Netanyahu's advice on Iraq

Kerry's own record of judgment on the Iraq war is not exactly spotless, since as a senator in 2002 he voted to authorize it. But he was referring to Netanyahu’s spectacularly bad judgment on that war, encapsulated in a September 2002 speech the Israeli leader delivered to Congress, urging them to support the invasion of that country.

“There is no question whatsoever that Saddam is seeking and is working and is advancing towards the development of nuclear weapons. No question whatsoever,” Netanyahu said then. “Today the United States must destroy the (Iraqi) regime because a nuclear-armed Saddam will place the security of our entire world at risk. And make no mistake about it – if and once Saddam has nuclear weapons, it is only a matter of time before those weapons will be used.”

He went on to say that a US war on Iraq with broad international support at the United Nations would be best, but absent that support the US “must be prepared to act without it.”

The US invaded that March, and found that Saddam Hussein’s nuclear weapons program had ended in 1991.The fallout from that war continues to be felt in the region.

Now, Netanyahu is pursuing the same tack with the US over Iran, albeit with a less receptive White House and Congress. Ambassador Dermer is the dark-haired man who appears in a video just behind Netanyahu during his 2002 testimony, and also wrote Netanyahu's 2012 speech to the UN in which he claimed that Iran was on the verge of obtaining a nuclear bomb by the following year.

Will Netanyahu's saber rattling amount to much? In a widely-read article in The Atlantic in 2010 by Jeffrey Goldberg, after interviewing unnamed members of Netanyahu's administrations, he said there was a 50 percent chance that Israel would unilaterally attack Iran in the summer of 2011. That obviously didn't happen.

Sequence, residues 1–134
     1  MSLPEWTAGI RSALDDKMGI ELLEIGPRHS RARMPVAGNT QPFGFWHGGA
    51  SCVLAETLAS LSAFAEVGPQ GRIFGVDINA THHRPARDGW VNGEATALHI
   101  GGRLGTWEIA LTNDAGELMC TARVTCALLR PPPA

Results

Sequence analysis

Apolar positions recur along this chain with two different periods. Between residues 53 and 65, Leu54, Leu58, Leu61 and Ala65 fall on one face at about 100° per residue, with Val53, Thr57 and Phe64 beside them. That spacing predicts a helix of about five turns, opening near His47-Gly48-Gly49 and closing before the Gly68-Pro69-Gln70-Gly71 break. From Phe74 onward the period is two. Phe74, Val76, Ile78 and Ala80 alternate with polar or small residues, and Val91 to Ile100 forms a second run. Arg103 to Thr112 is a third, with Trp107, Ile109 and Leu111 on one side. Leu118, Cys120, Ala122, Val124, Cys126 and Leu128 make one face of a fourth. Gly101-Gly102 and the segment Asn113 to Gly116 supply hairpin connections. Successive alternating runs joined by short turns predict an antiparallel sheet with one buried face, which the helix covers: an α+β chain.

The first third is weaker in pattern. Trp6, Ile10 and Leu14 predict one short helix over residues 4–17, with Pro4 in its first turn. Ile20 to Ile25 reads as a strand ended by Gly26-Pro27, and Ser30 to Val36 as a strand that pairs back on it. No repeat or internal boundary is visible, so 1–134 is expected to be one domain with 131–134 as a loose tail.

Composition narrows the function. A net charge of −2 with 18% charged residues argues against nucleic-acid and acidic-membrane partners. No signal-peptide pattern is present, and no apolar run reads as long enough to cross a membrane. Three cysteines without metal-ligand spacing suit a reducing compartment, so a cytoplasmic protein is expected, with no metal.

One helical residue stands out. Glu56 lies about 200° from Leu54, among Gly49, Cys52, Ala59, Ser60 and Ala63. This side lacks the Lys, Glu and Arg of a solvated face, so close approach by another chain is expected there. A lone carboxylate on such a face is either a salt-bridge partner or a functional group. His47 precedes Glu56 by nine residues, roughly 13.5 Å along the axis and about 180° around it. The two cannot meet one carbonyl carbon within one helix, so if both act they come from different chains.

Frequent claims of imminent threat

But serious damage is being done to relations with Obama, who has almost two full years left in office, and who is working hard to secure a deal with Iran that will shelve the possibility of the war. Obama administration officials have been reported to be furious over their belief that negotiation details they shared with Netanyahu were leaked by his government to undermine the talks.

The Israeli prime minister's frequent claims of an imminent Iranian bomb also hasn’t helped his standing with Obama. In 1992, Netanyahu predicted Iran was three to five years from a bomb. He repeated the "three-to-five year" prediction in 1995, and in 1996 predicted in an address to Congress that an Iranian bomb would have “catastrophic consequences ... for all mankind” and that Iran obtaining a nuclear bomb is “extremely close.”

More pressure to scuttle the talks came Tuesday from the Marxist-Islamist Mojahedin-e Khalq (MEK), an Iranian exile group that has pushed for a US war to topple the Iranian regime and was removed from the State Department's list of terrorist organizations in 2012. Information about Iran's nuclear research that the group released in 2002, and that turned out to be correct, is widely believed to have been fed to them by Israel.

The group said it had uncovered a secret Iranian nuclear site near Tehran and called for talks to end. But there was just one problem. A picture they shared of what they said was a lead-lined door to prevent radiation leaks that they'd somehow obtained from inside the site turned out to be a picture grabbed from an Iranian company that sells commercial safes.